Sunday, December 19, 2010

Book review: Karin Fossum - Also, von mir aus

Once, I met somebody who wanted to read at least one author from every country in the world. I found this an interesting project and I am always curious to find out new and challenging authors all over the world. In most part of the cases I am well beyond the one book/one country, but in the case of Norway, the discovery of Karin Fossum is the kind invitation for other books. 
The choice of the book - Jonas Eckel, in the German translation - was randomly, as I was looking for a lecture interesting enough for improving my language. The only recommendation were the 2-3 lines on the back of the cover. (Maybe those writing this should be more careful with such textes and devote more time and imagination to attract the potential readers through them.)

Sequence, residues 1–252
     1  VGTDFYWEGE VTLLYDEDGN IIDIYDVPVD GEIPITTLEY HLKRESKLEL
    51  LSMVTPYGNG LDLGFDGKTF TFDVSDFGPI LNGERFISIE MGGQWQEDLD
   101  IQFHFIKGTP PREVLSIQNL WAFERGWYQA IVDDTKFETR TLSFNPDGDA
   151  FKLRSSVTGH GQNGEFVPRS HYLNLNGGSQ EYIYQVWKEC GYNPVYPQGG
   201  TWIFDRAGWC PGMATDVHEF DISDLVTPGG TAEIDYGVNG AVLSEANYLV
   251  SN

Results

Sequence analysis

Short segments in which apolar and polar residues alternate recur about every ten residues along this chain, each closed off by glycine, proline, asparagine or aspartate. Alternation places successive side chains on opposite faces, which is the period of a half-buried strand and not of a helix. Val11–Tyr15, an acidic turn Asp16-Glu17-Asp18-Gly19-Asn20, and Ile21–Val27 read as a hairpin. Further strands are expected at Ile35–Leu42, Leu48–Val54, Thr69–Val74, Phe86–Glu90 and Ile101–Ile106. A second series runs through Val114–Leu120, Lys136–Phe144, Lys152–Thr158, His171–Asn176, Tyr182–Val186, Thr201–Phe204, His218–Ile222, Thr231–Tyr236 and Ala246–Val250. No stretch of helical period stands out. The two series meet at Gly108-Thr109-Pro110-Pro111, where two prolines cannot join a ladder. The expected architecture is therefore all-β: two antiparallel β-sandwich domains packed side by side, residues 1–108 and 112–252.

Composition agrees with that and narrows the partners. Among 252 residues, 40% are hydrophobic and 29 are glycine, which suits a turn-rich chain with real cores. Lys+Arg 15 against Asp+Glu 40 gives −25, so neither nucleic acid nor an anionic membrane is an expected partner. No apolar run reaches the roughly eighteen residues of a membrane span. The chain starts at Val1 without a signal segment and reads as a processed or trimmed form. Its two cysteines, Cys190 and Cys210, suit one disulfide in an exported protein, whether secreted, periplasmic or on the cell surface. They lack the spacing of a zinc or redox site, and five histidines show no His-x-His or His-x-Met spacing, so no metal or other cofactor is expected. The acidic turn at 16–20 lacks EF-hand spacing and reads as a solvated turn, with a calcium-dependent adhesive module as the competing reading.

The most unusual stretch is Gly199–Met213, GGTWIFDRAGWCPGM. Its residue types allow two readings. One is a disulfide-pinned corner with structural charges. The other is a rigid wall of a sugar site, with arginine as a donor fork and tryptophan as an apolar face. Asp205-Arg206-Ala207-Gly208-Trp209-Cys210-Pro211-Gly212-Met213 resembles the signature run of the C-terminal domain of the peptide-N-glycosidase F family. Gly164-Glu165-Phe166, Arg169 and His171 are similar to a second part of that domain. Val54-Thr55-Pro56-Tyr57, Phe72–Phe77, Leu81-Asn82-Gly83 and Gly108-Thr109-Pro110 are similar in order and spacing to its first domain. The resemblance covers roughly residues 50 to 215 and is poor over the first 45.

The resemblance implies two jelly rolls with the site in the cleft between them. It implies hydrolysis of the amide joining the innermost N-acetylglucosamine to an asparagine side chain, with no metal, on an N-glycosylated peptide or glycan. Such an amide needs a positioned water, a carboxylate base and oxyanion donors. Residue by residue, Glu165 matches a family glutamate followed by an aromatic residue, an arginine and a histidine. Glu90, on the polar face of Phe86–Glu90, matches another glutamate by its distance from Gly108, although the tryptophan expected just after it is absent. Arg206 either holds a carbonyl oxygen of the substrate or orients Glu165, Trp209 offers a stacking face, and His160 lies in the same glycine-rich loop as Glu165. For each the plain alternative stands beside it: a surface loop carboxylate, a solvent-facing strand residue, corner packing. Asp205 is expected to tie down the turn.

Although I was tempted to leave the book after the first ten pages (in fact, it was not one of the guided lectures aiming to know more about an author or a topic, but simply an exercise of German practice), the interest for finishing the book increased little by little. (Only today I found out that the strong point of the author is crime novels.) The subject: the rise and fall of a relationship (I wanted to write love story, but don't think that this is the right world). Jonas Eckel (with "ck", please, as the character insist to mention every time) found Lilian, decided to get married and  they start their side-by-side adventure. A monotonous one, when you feel every drop of the minute. This is the story told through the words of Jonas, with the ups and downs, emotions and lack thereof, everything told with the same rhythm, with extremely few dialogues, as a long Nordic ballad. From time to time, the author is throwing some hints: Jonas' discovery that Lilian didn't go to the computer class and preferred to sleep home (or what any other reason), her week-end out with her girlfriends (or maybe was something or somebody else), the mystery of their physical alienation (because of somebody else) and, finally her suicide (why?). And I think that this style is a wonderful recipe for creating interest for following a relationship story. 
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